In Love with the Church, 3

We must rekindle the sense of brotherliness which was so deeply felt by the early Christians

It is an essential part of the Christian spirit not only to live in union with the ordinary hierarchy — the Pope and the bishops — but also to feel at one with the rest of one's brothers in the Faith. For a long time I have thought that one of the worst ills affecting the Church today is the ignorance many Catholics have concerning what Catholics in other countries or sectors of society are doing and thinking. We must rekindle the sense of brotherliness which was so deeply felt by the early Christians. It will help us to feel united, while loving at the same time the variety of our individual vocations. And it will lead us to avoid many of the unjust and offensive judgements made by particular little groups in the name of Catholicism, against their brothers in the Faith, who in fact are acting nobly and with a spirit of sacrifice in the particular circumstances of their own countries.
Conversations, 61
St Josemaria with Friends of the University of Navarre, Pamplona, Spain, 1967
St Josemaria with Friends of the University of Navarre, Pamplona, Spain, 1967


You were amazed to hear me approve of the lack of ‘uniformity’ in that apostolate in which you work. And I told you: Unity and variety. You have to be different from one another, as the saints in heaven are different, each having his own personal and special characteristics. But also as like one another as the saints, who would not be saints if each of them had not identified himself with Christ.
The Way, 947

I carry in my heart, in my mind and on my lips, one aspiration: Rome!

For all those moments in history which the devil makes his business to repeat, I thought the comment on loyalty you had written to me was very appropriate: “I carry with me every day in my heart, in my mind and on my lips, an aspiration: Rome.”
Furrow, 344

Let me begin by reminding you of something Saint Cyprian tells us: The universal Church is a people which derives its unity from the unity of the Father, of the Son and of the Holy Spirit.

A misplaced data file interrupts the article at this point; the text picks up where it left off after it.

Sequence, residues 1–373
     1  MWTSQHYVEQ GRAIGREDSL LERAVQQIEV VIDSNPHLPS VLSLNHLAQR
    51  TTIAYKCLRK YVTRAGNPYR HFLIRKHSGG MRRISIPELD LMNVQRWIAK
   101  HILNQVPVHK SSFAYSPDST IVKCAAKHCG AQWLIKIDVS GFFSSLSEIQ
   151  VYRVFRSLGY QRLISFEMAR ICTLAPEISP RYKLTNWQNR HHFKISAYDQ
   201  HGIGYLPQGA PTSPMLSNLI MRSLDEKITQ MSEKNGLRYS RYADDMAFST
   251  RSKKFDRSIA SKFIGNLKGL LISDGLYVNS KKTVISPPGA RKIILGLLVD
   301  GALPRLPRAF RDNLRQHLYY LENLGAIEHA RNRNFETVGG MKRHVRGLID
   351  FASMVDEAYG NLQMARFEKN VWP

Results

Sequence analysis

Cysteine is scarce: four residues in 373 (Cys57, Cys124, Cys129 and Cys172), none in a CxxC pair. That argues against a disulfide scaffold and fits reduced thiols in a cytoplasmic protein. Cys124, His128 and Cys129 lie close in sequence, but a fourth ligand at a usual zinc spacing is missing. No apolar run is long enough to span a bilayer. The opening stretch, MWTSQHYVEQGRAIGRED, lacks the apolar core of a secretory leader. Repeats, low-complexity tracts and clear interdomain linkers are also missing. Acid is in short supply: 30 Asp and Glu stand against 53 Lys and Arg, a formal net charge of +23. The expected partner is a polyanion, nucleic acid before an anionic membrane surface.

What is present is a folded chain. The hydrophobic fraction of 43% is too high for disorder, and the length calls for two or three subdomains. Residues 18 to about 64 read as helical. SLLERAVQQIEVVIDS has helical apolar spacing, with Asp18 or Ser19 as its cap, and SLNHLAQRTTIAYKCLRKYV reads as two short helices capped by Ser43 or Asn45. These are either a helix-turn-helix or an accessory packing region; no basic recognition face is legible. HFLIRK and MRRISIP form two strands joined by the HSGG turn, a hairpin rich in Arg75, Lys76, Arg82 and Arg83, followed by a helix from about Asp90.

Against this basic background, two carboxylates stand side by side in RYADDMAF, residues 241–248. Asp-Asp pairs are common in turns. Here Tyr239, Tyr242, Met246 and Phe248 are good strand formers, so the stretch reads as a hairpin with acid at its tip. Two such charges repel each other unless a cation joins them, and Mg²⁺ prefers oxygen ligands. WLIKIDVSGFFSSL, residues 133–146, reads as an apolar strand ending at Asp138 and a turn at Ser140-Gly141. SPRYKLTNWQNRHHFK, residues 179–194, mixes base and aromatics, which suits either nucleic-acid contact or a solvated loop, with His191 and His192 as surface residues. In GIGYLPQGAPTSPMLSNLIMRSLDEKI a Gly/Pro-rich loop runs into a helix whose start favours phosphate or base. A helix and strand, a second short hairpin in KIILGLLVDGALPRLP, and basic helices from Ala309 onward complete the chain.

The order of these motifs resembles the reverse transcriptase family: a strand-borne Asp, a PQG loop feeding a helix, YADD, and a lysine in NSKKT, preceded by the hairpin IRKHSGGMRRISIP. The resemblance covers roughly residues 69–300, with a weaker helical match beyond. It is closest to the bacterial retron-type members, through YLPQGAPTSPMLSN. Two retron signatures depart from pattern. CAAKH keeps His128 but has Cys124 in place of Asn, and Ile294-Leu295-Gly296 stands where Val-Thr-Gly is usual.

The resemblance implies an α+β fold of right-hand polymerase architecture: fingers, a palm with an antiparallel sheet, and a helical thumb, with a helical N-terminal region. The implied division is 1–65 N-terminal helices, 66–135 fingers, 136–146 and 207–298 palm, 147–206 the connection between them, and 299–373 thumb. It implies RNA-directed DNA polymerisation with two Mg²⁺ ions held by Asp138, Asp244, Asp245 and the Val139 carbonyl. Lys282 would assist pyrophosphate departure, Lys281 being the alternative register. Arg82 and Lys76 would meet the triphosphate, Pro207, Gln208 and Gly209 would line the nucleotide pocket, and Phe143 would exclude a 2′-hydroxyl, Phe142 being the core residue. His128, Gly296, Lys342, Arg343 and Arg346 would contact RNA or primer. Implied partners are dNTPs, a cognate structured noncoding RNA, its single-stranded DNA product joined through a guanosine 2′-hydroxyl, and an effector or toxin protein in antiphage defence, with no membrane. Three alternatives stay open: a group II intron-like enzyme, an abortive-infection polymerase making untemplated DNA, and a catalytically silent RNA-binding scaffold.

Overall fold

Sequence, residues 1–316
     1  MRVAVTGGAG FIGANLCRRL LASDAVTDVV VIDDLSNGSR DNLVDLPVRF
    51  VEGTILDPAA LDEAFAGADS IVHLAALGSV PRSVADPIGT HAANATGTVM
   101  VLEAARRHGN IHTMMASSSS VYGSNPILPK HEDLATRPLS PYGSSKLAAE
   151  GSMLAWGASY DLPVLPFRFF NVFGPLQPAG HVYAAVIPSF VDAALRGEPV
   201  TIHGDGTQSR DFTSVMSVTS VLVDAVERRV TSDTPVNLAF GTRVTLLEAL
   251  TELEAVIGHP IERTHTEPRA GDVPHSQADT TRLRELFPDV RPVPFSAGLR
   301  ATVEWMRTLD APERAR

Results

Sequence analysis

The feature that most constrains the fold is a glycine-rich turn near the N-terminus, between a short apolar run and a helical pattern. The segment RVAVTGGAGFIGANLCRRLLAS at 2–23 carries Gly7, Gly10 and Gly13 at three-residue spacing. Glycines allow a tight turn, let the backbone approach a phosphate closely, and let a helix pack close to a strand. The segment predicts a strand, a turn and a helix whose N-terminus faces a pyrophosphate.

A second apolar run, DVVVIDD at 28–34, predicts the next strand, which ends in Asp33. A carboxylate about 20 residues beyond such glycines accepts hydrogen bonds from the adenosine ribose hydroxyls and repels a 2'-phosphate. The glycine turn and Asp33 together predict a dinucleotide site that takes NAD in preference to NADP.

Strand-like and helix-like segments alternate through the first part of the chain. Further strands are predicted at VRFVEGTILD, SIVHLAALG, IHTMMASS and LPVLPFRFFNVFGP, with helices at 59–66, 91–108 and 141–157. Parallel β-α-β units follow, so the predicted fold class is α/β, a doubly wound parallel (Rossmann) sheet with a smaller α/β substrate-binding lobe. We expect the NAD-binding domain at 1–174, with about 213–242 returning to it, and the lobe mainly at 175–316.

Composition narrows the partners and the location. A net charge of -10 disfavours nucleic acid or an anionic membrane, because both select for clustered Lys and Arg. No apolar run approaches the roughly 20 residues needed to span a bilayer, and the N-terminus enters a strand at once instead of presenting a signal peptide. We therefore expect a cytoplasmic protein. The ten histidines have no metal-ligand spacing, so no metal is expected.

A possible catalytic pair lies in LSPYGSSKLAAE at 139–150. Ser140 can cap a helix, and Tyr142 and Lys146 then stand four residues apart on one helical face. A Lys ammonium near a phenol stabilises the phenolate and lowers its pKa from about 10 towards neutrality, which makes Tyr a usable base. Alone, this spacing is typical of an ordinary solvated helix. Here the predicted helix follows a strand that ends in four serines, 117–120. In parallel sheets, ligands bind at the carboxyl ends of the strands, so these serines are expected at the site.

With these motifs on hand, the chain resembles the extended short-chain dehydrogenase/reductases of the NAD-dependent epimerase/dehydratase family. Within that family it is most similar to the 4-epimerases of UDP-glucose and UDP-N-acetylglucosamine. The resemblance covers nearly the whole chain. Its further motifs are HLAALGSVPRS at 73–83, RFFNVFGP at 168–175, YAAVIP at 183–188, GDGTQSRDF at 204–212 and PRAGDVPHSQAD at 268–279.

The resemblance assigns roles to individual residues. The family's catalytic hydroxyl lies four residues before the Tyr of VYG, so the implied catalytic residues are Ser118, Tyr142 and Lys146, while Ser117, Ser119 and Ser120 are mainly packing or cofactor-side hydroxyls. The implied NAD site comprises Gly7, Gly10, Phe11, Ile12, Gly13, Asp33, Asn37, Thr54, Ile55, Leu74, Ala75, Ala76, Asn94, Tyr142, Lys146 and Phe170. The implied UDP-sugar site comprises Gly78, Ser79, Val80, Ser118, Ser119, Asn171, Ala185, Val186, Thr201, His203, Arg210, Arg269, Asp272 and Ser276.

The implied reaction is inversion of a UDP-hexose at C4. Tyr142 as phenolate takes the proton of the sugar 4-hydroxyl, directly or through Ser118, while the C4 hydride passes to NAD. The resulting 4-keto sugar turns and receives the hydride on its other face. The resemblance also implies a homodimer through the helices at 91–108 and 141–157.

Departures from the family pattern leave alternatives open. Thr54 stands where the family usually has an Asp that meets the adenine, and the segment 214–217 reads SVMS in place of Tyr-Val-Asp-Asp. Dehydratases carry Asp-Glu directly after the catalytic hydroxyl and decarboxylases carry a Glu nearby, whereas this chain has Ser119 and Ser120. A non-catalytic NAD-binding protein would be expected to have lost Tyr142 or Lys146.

In Love with the Church, 17

Helping each other
Think about your Mother the Holy Church and consider how, if one member suffers, the whole body suffers.
Your body needs each one of its members, but each member needs the whole body. What would happen if my hands were to stop doing their duty... or if my heart were to stop beating!
The Forge, 471

You will find it easier to do your duty if you think of how your brothers are helping you, and of the help you fail to give them if you are not faithful.
The Way, 549

Our love for the Roman Pontiff must be a delightful passion, for in him we see Christ
The reference-point: Peter
And there is no other Catholic Church but the one which, built on the one Peter, rises up on the unity of the faith and on charity in one unique body, unified and compact. We help to make that apostolic continuity more evident in the eyes of all by demonstrating with exquisite fidelity our union with the Pope, which is union with Peter. Love for the Roman Pontiff must be in us a delightful passion, for in him we see Christ. If we talk with the Lord in prayer, we will go forward with a clear gaze that will permit us to perceive the action of the Holy Spirit, even in the face of events we do not understand or which produce sighs or sorrow.
In Love with the Church, 13